Steps and tips:

  • Heating to the right temperature:

  1. We need to heat the milk before frothing it. This is different from using a steamer (espresso machine). When using a steamer, cold milk is used and you do the frothing and the heating together.
  2. Too hot, the milk won’t foam, too cold does not taste right and becomes very foamy. The right temperature is something between 60-70Β°C. You may want to purchase a thermometer, but you can also do without (I do not use mine), by trial and error.
  3. Using a microwave: First heat the milk for 50seconds, wait for 3 minutes,Β  then heat forΒ  20 seconds, wait 3 minutes, then heat for another 20 seconds, wait for 3 minutes and heat for a last 20 seconds.Β  I do this, because I start heating the milk once I put my on-stove espresso maker, and want to get the milk heated once the espresso is done, which takes about 10-12 minutes
  • Frothing:

  1. Put half of the heated milk in the steel pitcher.
  2. Hold the pitcher with your left hand and tilt it towards your right hand, while keeping the inner edge of the pitcher standing on the table (this is just so you don’t get tired).
  3. Hold your frother with your right hand, put it inside the pitcher and deep in the milk (just before touching the bottom of the pitcher).
  4. Turn on your frother, (a hole will be created in the milk at the beginning and you can see the frother’s head, this means air is entering). This should last only for a few seconds (around 5sec).
  5. Tilt your frother slightly, so that the milk swirls (now you can’t see the head of your frother anymore, and the hole disappears).
  6. Notice how the bubbles starts disappearing.
  7. Froth until all bubbles disappear (if few bubbles remain it is fine, you can tap the pitcher on the counter coupla times and they will disappear)

You’re done! Now you have your silky microfoam milk.
If it didn’t work in the first time, it is fine, it didn’t with me. This needs a lot of practice, and a lot of patience, do not give up you will get there, It took a while. Here’s a video by カップッチョ on how to get microfoam with a frother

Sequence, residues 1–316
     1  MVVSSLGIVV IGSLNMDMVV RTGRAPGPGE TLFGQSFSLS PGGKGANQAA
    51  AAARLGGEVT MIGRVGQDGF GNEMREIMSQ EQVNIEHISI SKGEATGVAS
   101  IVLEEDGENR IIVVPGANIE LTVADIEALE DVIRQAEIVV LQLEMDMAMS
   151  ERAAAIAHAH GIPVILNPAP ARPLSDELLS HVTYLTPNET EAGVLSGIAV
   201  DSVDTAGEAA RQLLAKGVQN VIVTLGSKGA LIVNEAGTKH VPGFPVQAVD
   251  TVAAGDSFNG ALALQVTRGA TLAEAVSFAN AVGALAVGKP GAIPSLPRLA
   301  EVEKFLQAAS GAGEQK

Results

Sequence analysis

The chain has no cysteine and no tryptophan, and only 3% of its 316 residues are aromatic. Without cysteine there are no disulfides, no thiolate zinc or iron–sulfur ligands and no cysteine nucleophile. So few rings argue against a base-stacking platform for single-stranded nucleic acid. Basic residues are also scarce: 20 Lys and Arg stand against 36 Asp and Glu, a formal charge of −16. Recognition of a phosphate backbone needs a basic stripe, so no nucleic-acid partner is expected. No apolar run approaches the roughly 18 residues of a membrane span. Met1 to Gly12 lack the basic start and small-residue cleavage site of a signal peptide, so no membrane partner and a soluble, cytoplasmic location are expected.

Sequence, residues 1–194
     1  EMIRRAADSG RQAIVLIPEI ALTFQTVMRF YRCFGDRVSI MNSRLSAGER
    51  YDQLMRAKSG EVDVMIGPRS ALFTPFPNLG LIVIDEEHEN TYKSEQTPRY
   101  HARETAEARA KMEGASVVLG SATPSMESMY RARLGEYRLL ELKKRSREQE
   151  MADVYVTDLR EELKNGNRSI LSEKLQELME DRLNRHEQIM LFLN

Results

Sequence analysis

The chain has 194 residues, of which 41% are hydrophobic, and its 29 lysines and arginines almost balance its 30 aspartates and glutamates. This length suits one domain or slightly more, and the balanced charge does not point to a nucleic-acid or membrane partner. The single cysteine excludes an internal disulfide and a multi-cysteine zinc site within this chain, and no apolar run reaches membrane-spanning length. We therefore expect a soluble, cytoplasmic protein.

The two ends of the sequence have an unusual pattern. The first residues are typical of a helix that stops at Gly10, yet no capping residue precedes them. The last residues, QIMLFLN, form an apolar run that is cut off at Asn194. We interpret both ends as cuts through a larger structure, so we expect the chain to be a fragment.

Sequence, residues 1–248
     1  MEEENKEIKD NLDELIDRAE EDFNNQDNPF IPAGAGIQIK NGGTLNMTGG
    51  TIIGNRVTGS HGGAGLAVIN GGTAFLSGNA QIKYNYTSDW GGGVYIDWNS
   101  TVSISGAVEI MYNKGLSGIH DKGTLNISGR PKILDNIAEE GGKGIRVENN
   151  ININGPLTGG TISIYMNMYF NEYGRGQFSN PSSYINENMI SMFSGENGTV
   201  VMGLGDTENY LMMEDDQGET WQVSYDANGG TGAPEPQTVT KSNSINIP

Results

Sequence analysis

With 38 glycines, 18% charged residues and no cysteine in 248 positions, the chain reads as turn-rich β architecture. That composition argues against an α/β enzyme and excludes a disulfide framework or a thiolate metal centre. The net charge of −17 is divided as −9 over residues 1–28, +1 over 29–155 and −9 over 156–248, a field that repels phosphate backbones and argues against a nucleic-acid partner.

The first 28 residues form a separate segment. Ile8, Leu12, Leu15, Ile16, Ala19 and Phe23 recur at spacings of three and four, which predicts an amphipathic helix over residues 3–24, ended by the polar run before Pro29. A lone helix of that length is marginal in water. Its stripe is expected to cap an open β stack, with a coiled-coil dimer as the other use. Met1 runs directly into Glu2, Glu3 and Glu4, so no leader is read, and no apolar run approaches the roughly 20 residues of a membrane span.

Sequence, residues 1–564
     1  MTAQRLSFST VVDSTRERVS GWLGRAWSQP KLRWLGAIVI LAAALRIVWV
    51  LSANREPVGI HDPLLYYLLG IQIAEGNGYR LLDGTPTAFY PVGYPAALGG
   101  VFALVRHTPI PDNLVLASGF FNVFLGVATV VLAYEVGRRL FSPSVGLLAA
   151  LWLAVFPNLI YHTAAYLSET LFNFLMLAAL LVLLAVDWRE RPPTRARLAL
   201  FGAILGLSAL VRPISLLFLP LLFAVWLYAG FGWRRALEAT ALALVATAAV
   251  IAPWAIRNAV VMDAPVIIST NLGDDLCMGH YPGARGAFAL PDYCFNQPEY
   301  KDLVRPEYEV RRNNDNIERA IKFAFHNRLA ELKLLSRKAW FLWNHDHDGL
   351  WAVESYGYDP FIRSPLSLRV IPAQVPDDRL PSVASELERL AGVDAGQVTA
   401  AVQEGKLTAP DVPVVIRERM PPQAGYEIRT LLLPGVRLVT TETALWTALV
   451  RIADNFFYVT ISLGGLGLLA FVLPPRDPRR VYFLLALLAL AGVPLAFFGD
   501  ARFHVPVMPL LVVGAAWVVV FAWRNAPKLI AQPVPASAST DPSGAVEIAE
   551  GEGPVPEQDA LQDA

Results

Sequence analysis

• Pouring:

Once you have successfully created microfoam, you can start pouring your frothed milk into your espresso shot (you can use an on-stove espresso maker as I mentioned in my previous post).

  1. When you start pouring, pour from a distance (~15cm high from the cup), this will make the frothed milk drop below the espresso, gets colored by the espresso and then floats on top it. This is what creates the espresso colored surface.
  2. After the surface has been created, lower your hand (to ~3cm) and you will see the white foam starting to show.

Both the white and espresso-colored foam will become one surface, if it didn’t, means your foam is too thick.
Tip: once you finish frothing the milk, pour it immediately, waiting will make the foam separate from the milk (this is why you see baristas circling their pitcher during the time between the frothing and the pouring, so as to prevent this separation). The speed of pouring, not too slow, not too fast.

  • Use a tooth pick, coco powder/syrup, and your creativity! and have Fun πŸ˜€

Those are few of the shapes I could create after successfully creating microfoam! check the soot ball latte art (in the lower left corner). I love this character in Spirited Away πŸ˜€

To be honest, this was my way of covering failed attempts. What I was actually trying is free-pour Heart-latte art. But I think that was a good way to provide the enough patience while I practice. But I got there. I will talk about free-pour latte art in a later post, stay tuned πŸ˜‰